When Grace Makes A Surprise Visit: A Review of Birthed

When Grace Makes A Surprise Visit: A Review of Birthed December 6, 2016

I’m a fertile myrtle, so I didn’t think I’d connect with a book about infertility. But like I so often am when it comes to the way God might work in my life, I was wrong.

 

I sat down to read Birthed: Finding Grace Through Infertility convinced I would have nothing in common with author Elizabeth Hagan. After all, both my children were conceived after three stress-less months of trying, practically on schedule. They were born pretty much exactly when we wanted them to be — spring and summer, so I could get out of the house and go for walks with them. Infertility and it’s struggles has never been a blip on my radar.

birthed cover

God’s grace, on the other hand, is something I’m infinitely familiar with (even though I often forget about it in the middle of my temper tantrums). And the way He likes to wrap it up with big red bows and drop it off as a big surprise is something that’s happened to me more than once.

 

And that’s what this book is actually about — it’s about those little love notes from God that can set our lives on a completely different path than the one we’d imagined, the one we’d planned for, the one — dare I say it — we idolized.

 

Because if I’m honest, that’s what my temper tantrums are, usually. The smashing of my heart-idols; the breaking to bits of all the big plans I’ve made that only reflect my tiny little self, when God has so much more he wants to do with me and for me.

 

That’s the story that Elizabeth Hagan has actually written; infertility was just the vehicle God used to deliver His grace. But it could be anything we each are laboring over and trying to birth: a marriage, a business, a degree, a debt-free life — any of those identifiers you’ve come to believe were yours. Any of those tiny little things we’ve built into huge altars in our hearts, the things that, when we have lost them (or when they simply don’t arrive), lead us to prostrate ourselves on the floor, wasting the blessing of our tears on the carpet.

 

Hagan’s narrative is familiar and easy to read, like sitting down with an old friend over a glass of wine, catching up on — what’s it been, a few years now? It’s intimate and confessional with peripheral characters that bring life to the story (not to mention a great re-write of the lyrics to Blessed Assurance).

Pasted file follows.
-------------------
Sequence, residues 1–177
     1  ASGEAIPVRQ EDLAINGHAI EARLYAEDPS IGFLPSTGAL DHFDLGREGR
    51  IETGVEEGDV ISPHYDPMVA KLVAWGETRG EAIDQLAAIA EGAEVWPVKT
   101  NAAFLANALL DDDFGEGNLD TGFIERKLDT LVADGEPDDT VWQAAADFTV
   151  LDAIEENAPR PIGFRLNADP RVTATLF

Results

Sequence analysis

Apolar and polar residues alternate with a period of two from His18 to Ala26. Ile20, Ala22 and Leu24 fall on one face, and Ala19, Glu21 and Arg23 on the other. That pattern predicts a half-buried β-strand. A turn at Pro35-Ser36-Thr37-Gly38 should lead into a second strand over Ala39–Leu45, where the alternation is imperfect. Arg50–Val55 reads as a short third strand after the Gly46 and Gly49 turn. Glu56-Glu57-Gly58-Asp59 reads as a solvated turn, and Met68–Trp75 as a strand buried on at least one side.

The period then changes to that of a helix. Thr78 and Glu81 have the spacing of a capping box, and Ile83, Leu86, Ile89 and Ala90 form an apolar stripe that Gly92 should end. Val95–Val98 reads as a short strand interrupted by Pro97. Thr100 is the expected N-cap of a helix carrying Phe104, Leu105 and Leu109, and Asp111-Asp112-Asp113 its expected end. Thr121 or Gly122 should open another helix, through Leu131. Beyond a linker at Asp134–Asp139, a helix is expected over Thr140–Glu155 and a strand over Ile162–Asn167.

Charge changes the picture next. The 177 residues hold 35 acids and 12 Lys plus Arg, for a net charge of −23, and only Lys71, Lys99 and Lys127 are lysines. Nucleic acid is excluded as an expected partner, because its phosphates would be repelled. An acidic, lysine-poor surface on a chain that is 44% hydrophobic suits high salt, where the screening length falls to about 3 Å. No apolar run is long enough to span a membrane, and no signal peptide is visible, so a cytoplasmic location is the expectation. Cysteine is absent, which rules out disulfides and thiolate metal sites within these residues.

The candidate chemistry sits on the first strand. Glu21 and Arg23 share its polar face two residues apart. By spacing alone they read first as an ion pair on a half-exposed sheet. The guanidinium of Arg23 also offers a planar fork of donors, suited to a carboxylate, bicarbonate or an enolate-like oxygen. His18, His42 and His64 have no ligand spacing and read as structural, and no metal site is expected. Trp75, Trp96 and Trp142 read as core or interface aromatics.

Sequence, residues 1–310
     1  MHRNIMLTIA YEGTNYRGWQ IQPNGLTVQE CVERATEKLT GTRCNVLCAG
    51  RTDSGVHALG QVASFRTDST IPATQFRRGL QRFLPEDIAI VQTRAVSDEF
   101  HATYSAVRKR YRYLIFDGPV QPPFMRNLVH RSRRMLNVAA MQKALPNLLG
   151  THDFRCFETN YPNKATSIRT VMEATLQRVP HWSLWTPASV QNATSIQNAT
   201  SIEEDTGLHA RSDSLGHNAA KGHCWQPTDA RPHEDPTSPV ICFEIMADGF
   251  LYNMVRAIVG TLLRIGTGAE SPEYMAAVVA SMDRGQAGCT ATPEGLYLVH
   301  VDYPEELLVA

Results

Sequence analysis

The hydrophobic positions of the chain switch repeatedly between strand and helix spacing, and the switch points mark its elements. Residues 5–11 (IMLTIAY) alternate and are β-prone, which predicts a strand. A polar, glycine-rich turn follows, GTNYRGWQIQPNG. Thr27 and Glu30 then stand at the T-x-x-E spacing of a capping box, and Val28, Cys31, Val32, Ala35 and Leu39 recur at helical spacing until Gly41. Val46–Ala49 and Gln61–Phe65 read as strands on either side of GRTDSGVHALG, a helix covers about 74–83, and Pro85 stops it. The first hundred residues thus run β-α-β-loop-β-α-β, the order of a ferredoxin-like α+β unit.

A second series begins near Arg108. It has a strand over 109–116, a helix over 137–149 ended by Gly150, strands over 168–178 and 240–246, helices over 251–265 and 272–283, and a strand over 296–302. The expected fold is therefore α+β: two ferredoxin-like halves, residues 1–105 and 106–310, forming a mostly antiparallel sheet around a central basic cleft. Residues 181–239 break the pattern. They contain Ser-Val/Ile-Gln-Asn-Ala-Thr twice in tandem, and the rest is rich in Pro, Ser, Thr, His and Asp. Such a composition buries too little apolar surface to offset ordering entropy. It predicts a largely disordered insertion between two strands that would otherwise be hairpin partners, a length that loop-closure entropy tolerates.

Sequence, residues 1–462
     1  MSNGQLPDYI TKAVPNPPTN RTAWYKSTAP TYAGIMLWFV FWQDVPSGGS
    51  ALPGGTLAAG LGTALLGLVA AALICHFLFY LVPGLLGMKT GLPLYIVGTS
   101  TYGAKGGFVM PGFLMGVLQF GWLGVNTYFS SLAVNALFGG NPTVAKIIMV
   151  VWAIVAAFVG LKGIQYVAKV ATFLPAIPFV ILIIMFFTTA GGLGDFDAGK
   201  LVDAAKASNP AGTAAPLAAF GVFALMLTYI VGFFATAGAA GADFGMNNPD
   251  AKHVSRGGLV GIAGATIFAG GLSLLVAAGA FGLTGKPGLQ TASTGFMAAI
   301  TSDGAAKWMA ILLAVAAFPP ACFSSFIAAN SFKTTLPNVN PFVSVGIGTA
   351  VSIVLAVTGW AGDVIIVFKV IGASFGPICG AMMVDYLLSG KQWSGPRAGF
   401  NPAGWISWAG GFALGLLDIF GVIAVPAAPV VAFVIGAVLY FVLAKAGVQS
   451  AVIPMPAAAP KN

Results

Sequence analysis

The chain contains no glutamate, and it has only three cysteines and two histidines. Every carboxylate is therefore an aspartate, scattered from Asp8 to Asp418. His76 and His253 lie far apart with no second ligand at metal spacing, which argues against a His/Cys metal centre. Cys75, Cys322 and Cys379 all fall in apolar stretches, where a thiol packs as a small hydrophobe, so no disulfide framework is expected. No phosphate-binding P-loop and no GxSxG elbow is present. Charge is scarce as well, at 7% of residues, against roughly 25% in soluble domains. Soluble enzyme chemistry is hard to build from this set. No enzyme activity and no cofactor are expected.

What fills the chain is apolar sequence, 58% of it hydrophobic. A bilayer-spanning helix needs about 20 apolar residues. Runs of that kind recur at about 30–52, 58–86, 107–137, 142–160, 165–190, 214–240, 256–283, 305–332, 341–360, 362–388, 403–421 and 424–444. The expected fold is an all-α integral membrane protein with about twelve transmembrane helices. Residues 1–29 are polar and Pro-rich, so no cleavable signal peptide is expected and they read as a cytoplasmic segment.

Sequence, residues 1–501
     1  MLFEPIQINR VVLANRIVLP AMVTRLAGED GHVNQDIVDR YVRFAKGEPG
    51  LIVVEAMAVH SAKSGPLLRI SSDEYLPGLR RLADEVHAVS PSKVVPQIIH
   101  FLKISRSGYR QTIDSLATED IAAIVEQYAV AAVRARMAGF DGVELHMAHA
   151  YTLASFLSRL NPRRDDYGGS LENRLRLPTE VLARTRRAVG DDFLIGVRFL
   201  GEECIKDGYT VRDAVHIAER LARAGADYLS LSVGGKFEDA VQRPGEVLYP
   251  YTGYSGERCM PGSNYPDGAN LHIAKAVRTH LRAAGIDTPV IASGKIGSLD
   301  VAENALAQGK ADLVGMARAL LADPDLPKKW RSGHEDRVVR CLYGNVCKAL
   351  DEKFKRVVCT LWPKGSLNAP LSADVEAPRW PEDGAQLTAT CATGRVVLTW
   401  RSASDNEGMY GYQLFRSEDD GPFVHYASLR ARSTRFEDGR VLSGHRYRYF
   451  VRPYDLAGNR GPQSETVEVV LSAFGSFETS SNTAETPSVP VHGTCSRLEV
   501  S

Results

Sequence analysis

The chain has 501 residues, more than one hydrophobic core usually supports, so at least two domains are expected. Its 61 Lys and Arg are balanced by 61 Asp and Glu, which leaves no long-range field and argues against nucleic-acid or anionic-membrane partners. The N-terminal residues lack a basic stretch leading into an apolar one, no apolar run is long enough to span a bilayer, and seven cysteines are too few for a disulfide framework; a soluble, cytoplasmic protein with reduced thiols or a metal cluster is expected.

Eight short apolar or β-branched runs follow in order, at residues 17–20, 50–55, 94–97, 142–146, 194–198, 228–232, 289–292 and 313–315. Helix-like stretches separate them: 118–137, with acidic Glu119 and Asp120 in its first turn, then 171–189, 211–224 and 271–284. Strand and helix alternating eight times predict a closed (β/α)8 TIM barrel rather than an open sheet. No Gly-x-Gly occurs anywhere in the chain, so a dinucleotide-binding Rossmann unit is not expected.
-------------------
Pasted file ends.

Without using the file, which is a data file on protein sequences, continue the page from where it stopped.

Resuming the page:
But most important here is the experience of communion with the presumably damned. If you’ve ever gotten to that dark place where you become certain that God hates you — that cold, cold vacuum where once God was, and now He is not — you will relate to this book. It doesn’t matter what you hoped for. All that matters is that you have been brought to that place where you are certain God is an evil trickster. If you’ve been there, this is a book you can relate to. And if you stuck it out through a belief that must be supernatural because it surely didn’t come from you, and found on the other side of that big empty hole the grace of God in all His goodness, in all his surprises, then this book will be the confirmation you no longer need.

 

But you should read it anyway.

 

And hey — if you want to hear from Elizabeth Hagan live, you can! She’s doing a live event on December 13th, at 8pm EST. You can check that out here.

 

 

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  • jekylldoc

    Apparently this journey, through disappointment and even despair, is one that God means us to go on. It is terribly disorienting, because the culture of pop Christianity often promotes a theology of Special Blessing for Members (the clearest cases being Prosperity Gospel). That is often how we are taught to get to know God, and even how we know God exists.

    I am a bit flummoxed about it. Many people get very wrapped up in this type of Special Blessing relationship, and it does convey the love and care of God, even if in distorted and unrealistic terms. The theology that expresses what things are like on the other side of the journey, moderate and nuanced, also leaves newcomers or outsiders cold. Its a bit like Old Testament and New Testament: people are attracted by being named “Chosen People”, but they have to go through Exile or bear the Cross to find themselves in the genuine relationship.